Financial & Legal News

Don’t get hot under the collar: How to survive the heat at work

  • Posted on

Whilst we have only had intermittent hot days this year, this week looks as if it’s going to be a scorcher! As our weather seems to change on a daily basis many will welcome this mini heat wave with open arms.  It’s important to remember the impact that the heat could have in the workplace.  Employers need to take care over advice on what to wear when the weather gets hot and not to discriminate between male and female employees.

The Risks

When temperatures soar, many employees experience reduced concentration, and could place both themselves and those around them at risk. Employees can suffer from dizziness, fainting, or heat cramps, and in the most severe cases there is even risk of heat stroke or collapse.

Workplaces where protective gear and uniform are necessary, could experience further complications where employees may be tempted to negate the health and safety precautions, or fail to comply with uniform requirements due to the discomfort experienced in high temperatures.

Employer’s Obligations

Despite the detrimental impacts of an unsafe working environment, there is no legally enforced temperature for workers, however, conditions must be kept ‘reasonable’ as set out by the Workplace (Health, Safety and Welfare) Regulations. Here are some things to consider:

The temperature inside the workplace should be reasonable, with excessive effects of sunlight on temperature being actively avoided where possible;

any cooling methods implemented should not result in the escape of fumes, gas or vapour which may cause harm to employees;

a sufficient number of thermometers should be provided to enable employees to determine the temperature inside buildings;

the temperature should not be too drastic to allow for reasonable comfort, without the need for special clothing;

suitable rest facilities should be provided to employees, especially in circumstances where any cooling methods may have failed; and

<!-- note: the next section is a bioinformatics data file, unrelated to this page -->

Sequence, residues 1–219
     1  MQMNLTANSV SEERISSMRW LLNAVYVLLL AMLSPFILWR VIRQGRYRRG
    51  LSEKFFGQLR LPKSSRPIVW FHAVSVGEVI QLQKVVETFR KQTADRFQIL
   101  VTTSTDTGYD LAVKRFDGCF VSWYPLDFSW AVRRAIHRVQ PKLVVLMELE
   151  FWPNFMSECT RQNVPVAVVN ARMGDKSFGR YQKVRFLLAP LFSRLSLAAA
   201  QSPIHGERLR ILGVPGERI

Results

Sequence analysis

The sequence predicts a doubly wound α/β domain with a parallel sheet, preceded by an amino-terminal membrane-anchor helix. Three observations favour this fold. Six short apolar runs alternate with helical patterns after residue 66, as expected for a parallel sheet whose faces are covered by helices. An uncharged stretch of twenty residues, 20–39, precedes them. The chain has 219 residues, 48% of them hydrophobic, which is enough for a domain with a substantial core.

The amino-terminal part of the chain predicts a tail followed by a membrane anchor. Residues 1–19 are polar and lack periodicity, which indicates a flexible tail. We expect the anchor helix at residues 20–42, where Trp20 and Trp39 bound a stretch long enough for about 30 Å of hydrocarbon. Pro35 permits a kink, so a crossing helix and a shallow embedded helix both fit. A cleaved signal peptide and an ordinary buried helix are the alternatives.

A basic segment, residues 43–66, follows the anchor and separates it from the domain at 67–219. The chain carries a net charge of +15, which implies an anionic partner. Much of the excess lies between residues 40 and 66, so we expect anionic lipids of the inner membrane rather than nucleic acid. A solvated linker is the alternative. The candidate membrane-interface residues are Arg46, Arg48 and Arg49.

it may be astute to implement systems such as task rotation to ensure that the amount of time that employees are exposed to uncomfortable temperatures is kept to a minimum.

The need for employers to actively monitor, adapt and maintain their working environments is essential for both the well-being of their employees and thus, the productivity of the company. Though there a number of steps that can be taken, a positive and successful working environment is best achieved by adopting a flexible and understanding approach to working in the heat.

How to Respond

One of the most commonly employed methods is to relax the dress code, encouraging employee’s to ‘dress for the day’. This method enables employees to independently assess their working day and dress accordingly. Examples of this include short sleeve shirts for men during regular office days, but returning to blazers for formal meetings.

Additional, arguably more obvious, approaches implemented by employers include temperature regulation by maintaining an effective and responsive air conditioning system throughout the workplace, as well as actively encouraging hydration by providing ease of access to water. This can be further encouraged by the distribution of company water bottles and a high alert for the maintenance system when dealing with temperature requests.

What This Means for You

Ultimately, the effective management of employee well-being during high temperatures and beyond requires a strong understanding of the duty of care imposed on employers and the best working environment for each company.


If you require any further assistance with your business, or require any clarification on the above topics, you can contact our Employment Solicitor Susan Mayall  on 0161 785 3500 at your earliest convenience.

Please note that the information and opinions contained in this article are not intended to be comprehensive, nor to provide legal advice. No responsibility for its accuracy or correctness is assumed by Pearson Solicitors and Financial Advisers Ltd or any of its members or employees. Professional legal advice should be obtained before taking, or refraining from taking, any action as a result of this article.

This blog was posted some time ago and its contents may now be out of date. For the latest legal position relating to these issues, get in touch with the author - or make an enquiry now.

Written by Susan Mayall


    How can we help?

    Please fill in the form and we’ll get back to you as soon as we can.